And ‘¤’ being the inclination angle of the the hill & ‘h’ is the difference in height from the top to the bottom of the hill.
    Newton’s third law tells us “ENERGY CAN NEVER BE CREATED NOR DESTROYED” i.e. Energy can be transferred from one form to another.
    Now let the figures & the theories fall in place.
    That potential energy at the top of the hill can be transferred into electrical energy at the bottom of the hill. The only loss of energy being to the friction between the tire & the asphalt which is so small. If this energy is harnessed the rider could be able to ride back up the hill with the same load almost as effortlessly as going down the hill.
    This is to compliment on the top of the solar-powered battery. If we look around us a bit more, we can find more ideas to harness energy.
    A thousand ideas start with one obviously so all credit to the researchers of the solar panelled rickshaw.

    Louie, A former rickshaw rider.

  • nice one .. check out the indian version of it

  • Fuel Consumption and Environmental Impact of Rickshaw Bans in Dhaka

    Most trips in Dhaka are short in distance, usually one to five kilometers. These trips are perfect of Rickshaws. Rickshaws are cheap and popular mode of transport over short distances. Rickshaws are safe, environmentally friendly and do not rely on fossil fuels. Rickshaws support a significant portion of the population, not only the pullers, but also their families in the villages, the mechanics who fix the rickshaws, as well as street hawkers who sell them food. From the raw materials to the finished product the Rickshaw employs some 38 different professions. Action needs to be taken to support the Rickshaw instead of further banning it in Dhaka. The combined profits of all Rickshaws out earn all other passenger transport modes (bus, rail, boats and airlines) combined. In Dhaka alone, Rickshaw pullers combine to earn 20 million taka a month.

    We think that over the coming holiday of Eid du Ajah, new Rickshaw bans will be put into action on roads in Dhaka. Eid was used in the past to place new bans on roads in Dhaka. Last Eid many roads were declared Rickshaw free without public support or approval. By banning Rickshaws roads are clogged with increased private car use as well as increased parking by cars. Banning of Rickshaws on major roads increases the transportation costs for commuters. Not only due to longer trips to avoid roads with bans in effect, but also due to actually having to take more expensive forms of transport such as CNG or Taxi, where in the past a Rickshaw would suffice. The environmental impact of banning Rickshaws is obvious because it exchanges a non-motorized form of transport for a motorized form of transport, thus increasing the pollution and harming the environment. Rickshaw bans harm the most vulnerable in society, mainly the sick, poor, women, children and the elderly; generally those who can not afford or do not feel comfortable on other forms of public transport. To ban Rickshaws also hurts small businesses that rely on them as a cheap and reliable form of transporting their goods. Rickshaws are ideal for urban settings because they can transport a relatively large number of passengers while taking up a small portion of the road. In 1998 the data showed that Rickshaws took up 38% of road space while transporting 54% of passengers in Dhaka . The private cars on the other hand, took up 34% of road space while only transporting 9% of the population (1998 DUTP). This data does not include the parking space on roads that cars take up in Dhaka . If included this would further raise the amount of space taken up by private cars. Every year the Rickshaw saves Bangladesh 100 billion taka in environmental damage.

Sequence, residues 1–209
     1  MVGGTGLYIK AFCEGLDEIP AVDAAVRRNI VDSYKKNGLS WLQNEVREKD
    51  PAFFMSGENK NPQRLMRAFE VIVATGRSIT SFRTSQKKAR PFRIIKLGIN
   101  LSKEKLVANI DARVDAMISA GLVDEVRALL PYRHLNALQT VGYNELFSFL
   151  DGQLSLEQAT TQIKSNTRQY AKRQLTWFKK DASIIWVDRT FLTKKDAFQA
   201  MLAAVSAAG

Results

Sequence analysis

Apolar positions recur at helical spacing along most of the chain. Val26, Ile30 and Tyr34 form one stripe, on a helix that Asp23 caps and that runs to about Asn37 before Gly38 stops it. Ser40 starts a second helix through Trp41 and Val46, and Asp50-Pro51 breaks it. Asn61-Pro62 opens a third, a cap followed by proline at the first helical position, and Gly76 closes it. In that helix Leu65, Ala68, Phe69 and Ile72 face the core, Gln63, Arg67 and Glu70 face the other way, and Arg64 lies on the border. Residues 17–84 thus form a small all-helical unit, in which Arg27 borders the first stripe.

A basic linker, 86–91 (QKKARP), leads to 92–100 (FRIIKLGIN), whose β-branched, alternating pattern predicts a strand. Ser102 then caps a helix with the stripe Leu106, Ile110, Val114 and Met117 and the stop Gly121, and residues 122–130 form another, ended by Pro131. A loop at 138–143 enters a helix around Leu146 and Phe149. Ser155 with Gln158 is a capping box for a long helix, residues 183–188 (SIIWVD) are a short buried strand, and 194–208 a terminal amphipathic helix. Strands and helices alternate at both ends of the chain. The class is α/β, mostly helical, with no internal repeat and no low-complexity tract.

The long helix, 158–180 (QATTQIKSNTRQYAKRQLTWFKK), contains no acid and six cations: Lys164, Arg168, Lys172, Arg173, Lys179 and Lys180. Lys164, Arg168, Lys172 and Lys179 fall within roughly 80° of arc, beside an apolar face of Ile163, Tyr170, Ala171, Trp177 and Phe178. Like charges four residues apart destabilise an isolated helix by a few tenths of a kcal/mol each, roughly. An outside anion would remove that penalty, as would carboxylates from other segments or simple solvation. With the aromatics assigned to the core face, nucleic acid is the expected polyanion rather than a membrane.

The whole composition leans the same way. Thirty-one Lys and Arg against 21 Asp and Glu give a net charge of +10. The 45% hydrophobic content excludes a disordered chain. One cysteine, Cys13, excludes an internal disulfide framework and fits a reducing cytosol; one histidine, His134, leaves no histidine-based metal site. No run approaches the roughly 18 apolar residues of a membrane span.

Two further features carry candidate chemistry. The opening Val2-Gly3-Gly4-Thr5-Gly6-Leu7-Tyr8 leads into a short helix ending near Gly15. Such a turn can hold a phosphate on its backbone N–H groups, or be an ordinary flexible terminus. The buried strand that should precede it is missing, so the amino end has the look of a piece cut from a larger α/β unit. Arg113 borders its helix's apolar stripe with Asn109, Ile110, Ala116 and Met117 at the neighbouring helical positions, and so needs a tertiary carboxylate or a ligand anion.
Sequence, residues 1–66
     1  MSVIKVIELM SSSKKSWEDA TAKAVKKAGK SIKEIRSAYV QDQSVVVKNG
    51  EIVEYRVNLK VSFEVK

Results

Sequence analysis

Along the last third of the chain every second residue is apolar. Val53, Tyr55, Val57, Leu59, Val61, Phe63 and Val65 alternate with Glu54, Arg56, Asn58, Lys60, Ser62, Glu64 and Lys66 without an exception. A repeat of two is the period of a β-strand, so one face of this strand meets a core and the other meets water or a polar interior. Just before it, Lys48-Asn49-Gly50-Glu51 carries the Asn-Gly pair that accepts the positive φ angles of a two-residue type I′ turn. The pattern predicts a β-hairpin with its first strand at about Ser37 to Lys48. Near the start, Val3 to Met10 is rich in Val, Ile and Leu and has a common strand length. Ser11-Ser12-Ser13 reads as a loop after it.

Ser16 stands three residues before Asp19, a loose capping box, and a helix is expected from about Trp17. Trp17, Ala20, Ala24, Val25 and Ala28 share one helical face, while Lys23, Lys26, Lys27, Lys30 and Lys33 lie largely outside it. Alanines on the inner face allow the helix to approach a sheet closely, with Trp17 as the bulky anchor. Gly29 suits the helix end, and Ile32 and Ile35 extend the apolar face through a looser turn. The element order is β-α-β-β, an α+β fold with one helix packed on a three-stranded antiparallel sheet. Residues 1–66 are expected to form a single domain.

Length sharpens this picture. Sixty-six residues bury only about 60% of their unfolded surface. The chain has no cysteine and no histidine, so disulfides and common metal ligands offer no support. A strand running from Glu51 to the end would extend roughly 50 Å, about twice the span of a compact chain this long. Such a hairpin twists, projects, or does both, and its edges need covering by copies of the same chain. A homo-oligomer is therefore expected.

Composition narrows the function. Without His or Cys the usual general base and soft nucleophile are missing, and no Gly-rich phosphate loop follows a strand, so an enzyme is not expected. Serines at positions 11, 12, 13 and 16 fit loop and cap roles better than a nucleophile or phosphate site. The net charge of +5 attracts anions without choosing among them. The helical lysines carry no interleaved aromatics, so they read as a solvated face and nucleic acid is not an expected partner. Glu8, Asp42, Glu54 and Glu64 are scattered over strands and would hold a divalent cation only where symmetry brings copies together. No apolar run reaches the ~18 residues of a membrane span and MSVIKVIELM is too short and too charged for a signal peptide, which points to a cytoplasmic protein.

The government makes many efforts to reduce traffic congestion in Dhaka but with no success. Blaming Rickshaws for traffic congestion and subsequently banning them from major roads has not had the desired affect. Traffic is still as bad now as it was before the Rickshaws were banned on major roads. Rickshaws thus can not be seen as the major cause of traffic congestion. Instead one should look towards private cars and private car parking on roads as the major cause of traffic congestion. The space gained by banning Rickshaws is often used for private car parking. The current trend in transport planning reduces the mobility of the majority for the convenience of the minority. The next time a ban on Rickshaws on another road is discussed please take into consideration who is being hurt and who is being helped. For a better transport system in Dhaka we need to create a city wide network of Rickshaw lanes. If this is done Dhaka can reduce its fuel usage dramatically as well its pollution. We ask your help in our fight to keep Dhaka a Rickshaw city. Any information or help is very much appreciated and sought after. I write you this letter to describe the difficulties we are facing and some solutions but they are by no means exhaustive and we look forward to your help and input.

    Syed Saiful Alam
    Volunteer of Save Environment Movement

  • conrad

    reality of the problems facing people who
    opperate green forms of transport is that
    the taxi trade has been monopolized by petrol driven taxis which in actual fact
    create hundreds of thousands of tonnes of highly toxic fumes that are contributing to milions of premeture deaths around the planet so the sad fact is that monopoly or no monopoly petrol driven cars will really have to
    be banned
    from existence for human life is simply too precious
    this is the future

  • Suggestions for Improving Transport in Dhaka

    1. Maintain the use of rickshaws by
    a) Canceling all planned bans on rickshaws from different roads;
    b) Creating rickshaw-only lanes on major streets (including those that currently ban rickshaws), and
    c) Considering a gradual shift to improved rickshaws that are easier to maneuver and more comfortable for passengers. If the rickshaw licensing system is to be maintained, set a higher level for the number of rickshaws, and base it on research into which all citizens can have input.

    2. Cancel all plans for future flyovers, and use transportation budgets to improve public transit and conditions for NMT.

    3. Make cars less affordable and available through reducing import of cars, raising registration fees and taxes, and restricting licenses.

    4. Ban cars from small streets and lanes and from congested areas, and greatly reduce parking. Enforce a ban on parking on footpaths and on major streets.

    5. Make cycling more safe and attractive by providing separate bicycle lanes on all major roads (creating a continuous cycle lane throughout the city) and by giving bicycles priority at traffic signals so they aren






  • I am agree with Ali Askar to import this rickshaw not only for Bangladesh but also for India. I would like to request automobile companies of india to buy these rickshaws as it reduce co2 emissions in India.